Connectional parameters determine multisensory processing in a spiking network model of multisensory convergence

H. K. Lim, L. P. Keniston, J. H. Shin, B. L. Allman, M. A. Meredith, K. J. Cios

Research output: Contribution to journalArticlepeer-review

Abstract

For the brain to synthesize information from different sensory modalities, connections from different sensory systems must converge onto individual neurons. However, despite being the definitive, first step in the multisensory process, little is known about multisensory convergence at the neuronal level. This lack of knowledge may be due to the difficulty for biological experiments to manipulate and test the connectional parameters that define convergence. Therefore, the present study used a computational network of spiking neurons to measure the influence of convergence from two separate projection areas on the responses of neurons in a convergent area. Systematic changes in the proportion of extrinsic projections, the proportion of intrinsic connections, or the amount of local inhibitory contacts affected the multisensory properties of neurons in the convergent area by influencing (1) the proportion of multisensory neurons generated, (2) the proportion of neurons that generate integrated multisensory responses, and (3) the magnitude of multisensory integration. These simulations provide insight into the connectional parameters of convergence that contribute to the generation of populations of multisensory neurons in different neural regions as well as indicate that the simple effect of multisensory convergence is sufficient to generate multisensory properties like those of biological multisensory neurons.For the brain to synthesize information from different sensory modalities, connections from different sensory systems must converge onto individual neurons. However, despite being the definitive, first step in the multisensory process, little is known about multisensory convergence at the neuronal level. This lack of knowledge may be due to the difficulty for biological experiments to manipulate and test the connectional parameters that define convergence. Therefore, the present study used a computational network of spiking neurons to measure the influence of convergence from two separate projection areas on the responses of neurons in a convergent area. Systematic changes in the proportion of extrinsic projections, the proportion of intrinsic connections, or the amount of local inhibitory contacts affected the multisensory properties of neurons in the convergent area by influencing (1) the proportion of multisensory neurons generated, (2) the proportion of neurons that generate integrated multisensory responses, and (3) the magnitude of multisensory integration. These simulations provide insight into the connectional parameters of convergence that contribute to the generation of populations of multisensory neurons in different neural regions as well as indicate that the simple effect of multisensory convergence is sufficient to generate multisensory properties like those of biological multisensory neurons.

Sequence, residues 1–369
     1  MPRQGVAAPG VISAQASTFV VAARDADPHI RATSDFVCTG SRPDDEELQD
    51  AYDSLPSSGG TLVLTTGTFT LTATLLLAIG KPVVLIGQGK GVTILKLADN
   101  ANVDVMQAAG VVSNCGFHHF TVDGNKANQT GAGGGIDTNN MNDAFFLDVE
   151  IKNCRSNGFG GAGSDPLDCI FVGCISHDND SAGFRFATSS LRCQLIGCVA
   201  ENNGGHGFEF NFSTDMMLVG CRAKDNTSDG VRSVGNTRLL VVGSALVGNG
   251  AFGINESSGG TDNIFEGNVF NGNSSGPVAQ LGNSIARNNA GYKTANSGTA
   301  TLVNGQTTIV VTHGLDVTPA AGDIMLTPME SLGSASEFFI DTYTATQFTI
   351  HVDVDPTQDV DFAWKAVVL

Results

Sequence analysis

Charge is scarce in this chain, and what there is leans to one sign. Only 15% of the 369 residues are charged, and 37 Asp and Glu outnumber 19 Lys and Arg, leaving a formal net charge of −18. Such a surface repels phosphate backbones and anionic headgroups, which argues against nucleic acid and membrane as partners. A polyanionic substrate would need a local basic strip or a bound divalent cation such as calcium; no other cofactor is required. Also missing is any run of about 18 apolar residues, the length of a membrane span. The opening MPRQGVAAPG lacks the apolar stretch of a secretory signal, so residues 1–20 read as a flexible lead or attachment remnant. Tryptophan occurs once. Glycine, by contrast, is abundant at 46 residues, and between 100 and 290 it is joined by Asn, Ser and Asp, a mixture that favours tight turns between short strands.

Original languageEnglish (US)
Pages (from-to)329-339
Number of pages11
JournalExperimental Brain Research
Volume213
Issue number2-3
DOIs
StatePublished - Sep 1 2011
Externally publishedYes

Keywords

  • Association cortex
  • Bimodal
  • Computation
  • Cross-moda
  • Multisensory integration
  • Simulation

ASJC Scopus subject areas

  • Neuroscience(all)

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